See awesome videos on the amazing LibraryPress@UF in celebration of Open Access Week! Thanks to Perry Collins for envisioning these and sharing these notes on the four videos on YouTube w/o burned captions: https://www.youtube.com/playlist?list=PLdsiB8tM1GNdsPaCEwbvrUDld97j45wj3 About: This week we’re highlighting our publishing initiative LibraryPress@UF, working with @floridapress to publish scholarly and educational projects–all free to access: https://librarypress.domains.uflib.ufl.edu #OAWeek LibraryPress@UF has a thriving journals program led by @ctjohnst, with nearly 20 titles edited by UF scholars, students, and partners: https://librarypress.domains.uflib.ufl.edu/florida-online-journals #OAWeek LibraryPress@UF is working to make courses more affordable and inclusive! Here’s @perrycollins on textbooks, websites, and other open educational resources #OAWeek In 1946, Edna Black’s mother began writingRead More →

Super excited to see this awesome UF training from Micah and Perry! Make it Your Own: Adapting Open Resources in PressBooks: Micah Jenkins, Perry Collins, Oct. 22, 1-2:30pm Instructors have access to thousands of free and open textbooks and modules that may legally be edited and adapted to suit the needs of your student Instructors have access to thousands of free and open textbooks and modules that may legally be edited and adapted to suit the needs of your students and your course. But how can you do this editing without a tedious process of copy-and-paste? How do you know what you are allowed toRead More →

Wikipedia explains etiquette as: “the set of conventional rules of personal behaviour in polite society, usually in the form of an ethical code that delineates the expected and accepted social behaviors that accord with the conventions and norms observed by a society, a social class, or a social group.” In the workplace, we have many ideas of what constitutes good etiquette, and whenever those idea aren’t documented and shared, we run the risk of people being unfairly evaluated based on an assumed “norm” that was unknown and unable to be known because it was unwritten and uncommunicated. In the shift to remote work, folks rapidly learned the technical how-to for technologies.Read More →

One of the many good articles I’ve read recently is “Why I’m Teaching My Kids That Computers Are Dumb Machines” by Greg Lavallee. The article covers the experience of the author, who is the director of technology for Slate, in supporting teaching/learning from home for two kids. The article details problems with online learning, ranging from material (a trackpad that didn’t work properly for small hands) to functional (students have to log in and out each day for attendance to be counted). The article includes helpful tips for mitigating problems. To me, the best part of the article is what comes out in terms ofRead More →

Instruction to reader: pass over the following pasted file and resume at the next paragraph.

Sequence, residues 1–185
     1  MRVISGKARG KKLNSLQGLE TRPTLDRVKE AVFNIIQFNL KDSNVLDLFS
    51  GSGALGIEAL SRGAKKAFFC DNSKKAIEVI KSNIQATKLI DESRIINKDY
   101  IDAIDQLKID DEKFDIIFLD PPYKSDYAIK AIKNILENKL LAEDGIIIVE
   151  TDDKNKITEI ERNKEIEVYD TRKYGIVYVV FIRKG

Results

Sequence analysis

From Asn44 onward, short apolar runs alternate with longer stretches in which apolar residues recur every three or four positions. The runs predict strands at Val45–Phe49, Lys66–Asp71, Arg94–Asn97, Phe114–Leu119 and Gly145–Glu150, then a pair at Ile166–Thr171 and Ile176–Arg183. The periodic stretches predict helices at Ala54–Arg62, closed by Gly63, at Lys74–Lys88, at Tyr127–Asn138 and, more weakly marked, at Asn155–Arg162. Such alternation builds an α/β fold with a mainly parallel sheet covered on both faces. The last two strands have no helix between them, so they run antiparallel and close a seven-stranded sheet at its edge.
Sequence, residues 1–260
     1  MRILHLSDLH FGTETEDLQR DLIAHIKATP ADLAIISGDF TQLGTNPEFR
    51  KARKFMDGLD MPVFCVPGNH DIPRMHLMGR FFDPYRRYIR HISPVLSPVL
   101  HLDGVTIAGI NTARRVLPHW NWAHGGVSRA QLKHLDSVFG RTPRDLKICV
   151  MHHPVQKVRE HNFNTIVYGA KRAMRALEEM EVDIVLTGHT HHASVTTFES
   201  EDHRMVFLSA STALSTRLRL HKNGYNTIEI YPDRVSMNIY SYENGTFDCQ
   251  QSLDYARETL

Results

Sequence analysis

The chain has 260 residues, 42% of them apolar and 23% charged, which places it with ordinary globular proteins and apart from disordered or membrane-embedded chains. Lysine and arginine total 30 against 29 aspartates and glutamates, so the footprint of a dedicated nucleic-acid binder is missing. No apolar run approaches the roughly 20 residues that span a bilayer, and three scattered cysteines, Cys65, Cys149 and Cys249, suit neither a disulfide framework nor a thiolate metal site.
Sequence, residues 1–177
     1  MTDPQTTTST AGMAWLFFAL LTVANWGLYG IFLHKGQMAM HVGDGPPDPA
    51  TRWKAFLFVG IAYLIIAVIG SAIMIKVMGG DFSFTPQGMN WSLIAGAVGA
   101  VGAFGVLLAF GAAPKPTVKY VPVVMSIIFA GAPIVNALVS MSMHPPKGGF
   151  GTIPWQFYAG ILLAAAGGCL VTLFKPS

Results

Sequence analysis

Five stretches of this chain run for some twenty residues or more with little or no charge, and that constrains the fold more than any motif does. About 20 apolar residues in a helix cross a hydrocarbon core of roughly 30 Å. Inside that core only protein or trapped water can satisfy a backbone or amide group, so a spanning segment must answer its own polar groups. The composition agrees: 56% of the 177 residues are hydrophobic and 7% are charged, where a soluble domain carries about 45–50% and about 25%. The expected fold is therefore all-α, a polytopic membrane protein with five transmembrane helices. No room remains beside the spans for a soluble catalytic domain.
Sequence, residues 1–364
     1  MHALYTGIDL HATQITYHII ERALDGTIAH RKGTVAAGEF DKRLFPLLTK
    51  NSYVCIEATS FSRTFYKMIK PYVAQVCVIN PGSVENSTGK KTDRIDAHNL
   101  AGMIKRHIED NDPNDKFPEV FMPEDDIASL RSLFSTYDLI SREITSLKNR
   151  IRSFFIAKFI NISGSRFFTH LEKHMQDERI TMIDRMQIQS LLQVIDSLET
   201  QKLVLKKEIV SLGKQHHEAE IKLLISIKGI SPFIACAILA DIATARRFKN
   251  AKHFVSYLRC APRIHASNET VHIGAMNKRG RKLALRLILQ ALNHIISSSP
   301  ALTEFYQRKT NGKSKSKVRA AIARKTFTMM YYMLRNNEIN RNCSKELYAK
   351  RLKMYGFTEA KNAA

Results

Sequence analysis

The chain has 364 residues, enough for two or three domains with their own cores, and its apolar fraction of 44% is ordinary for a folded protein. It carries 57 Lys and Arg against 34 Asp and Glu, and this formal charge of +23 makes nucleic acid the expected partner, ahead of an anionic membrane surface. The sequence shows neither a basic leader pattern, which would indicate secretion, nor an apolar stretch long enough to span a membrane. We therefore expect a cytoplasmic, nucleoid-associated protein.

I grew up in Jacksonvile, Florida (Duval County). As a kid, I remember being taught a lot of things that didn’t make sense for why they were being taught and questionable accuracy. While some could be attributed to a Jacksonville pride on why JAX is special, for others, I don’t know and would have to invent and backfill a reason and rationale. In working with technology, it seems like technologists and users are taught a lot of weird things, just like me with my Jax childhood. For technologies, we (both technologists and users) end up guessing why we have weird information, and it seems likeRead More →

Ver texto en español al final MSU Contact(s): Christina Boyles, Andy Boyles Petersen The Andrew W. Mellon Foundation has awarded Michigan State University a grant of $325,000 to support the first phase of the “Emergency Response Archive of Puerto Rico”, a digital open access repository of Puerto Rican artifacts of disaster pertaining to Hurricane María (2017), the Guayanilla earthquakes (2020), and COVID19 (2020). The project involves collaboration between MSU, the University of Puerto Rico-Río Piedras, the University of Puerto Rico-Mayagüez, and the Digital Library of the Caribbean. The “Emergency Response Archive of Puerto Rico” will produce a freely available Omeka S site that depicts andRead More →

The new issue of SOURCE magazine is online! While the LibraryPress@UF is digital-first, it is not digital-only, and we have print copies of SOURCE that just arrived! Check out the digital online, and see some photos of the print copies.  Read More →

Working with the Digital Library of the Caribbean (dLOC) means that I have a very high level of joy for my work thanks to great colleagues, partners, and friends, and our collective work to preserve and provide access to materials, as part of our work to grow community and capacity. Sharing a bit of joy here with some of the recently loaded materials from dLOC partners: Centre International de Documentation et d’Information Haitienne, Caribeenne et Afro-Canadienne Sharing publicity materials from events: https://dloc.com/l/icidihca/all Diaspora Vibe Cultural Arts Incubator Sharing artwork and related materials: https://dloc.com/l/idvcai/all ISPAN/Haitian Institute for the Protection of National Heritage Sharing photographs of patrimony:Read More →

The 50th ACURIL annual Conference, which will be held online on November 18 and 19, 2020, is fast approaching. The Conference theme is Design Thinking in Libraries, Archives and Museums: Revolutionizing the Way we do Business. The Academic/Special Libraries and Information Technologies Special Interest Group (SIG) has started to plan sessions on this theme and this is a call for your participation. This year, there will be one SIG virtual session based upon the conference theme as this relates to Academic Libraries, Special Libraries and Information Technology.  This session will be held on November 18, 2020 from 9:00 am -12:00 pm, using web conferencing technology.Read More →